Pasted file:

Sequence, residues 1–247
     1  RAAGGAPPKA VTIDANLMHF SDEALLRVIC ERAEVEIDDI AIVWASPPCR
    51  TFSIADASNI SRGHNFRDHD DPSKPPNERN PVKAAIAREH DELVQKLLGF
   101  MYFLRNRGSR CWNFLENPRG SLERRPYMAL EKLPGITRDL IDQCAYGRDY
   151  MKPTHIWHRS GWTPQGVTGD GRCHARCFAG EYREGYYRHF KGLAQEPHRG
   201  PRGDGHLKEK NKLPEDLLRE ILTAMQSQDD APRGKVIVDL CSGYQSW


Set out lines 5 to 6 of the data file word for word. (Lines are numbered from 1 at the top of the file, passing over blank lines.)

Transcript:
   151  MKPTHIWHRS GWTPQGVTGD GRCHARCFAG EYREGYYRHF KGLAQEPHRG
   201  PRGDGHLKEK NKLPEDLLRE ILTAMQSQDD APRGKVIVDL CSGYQSW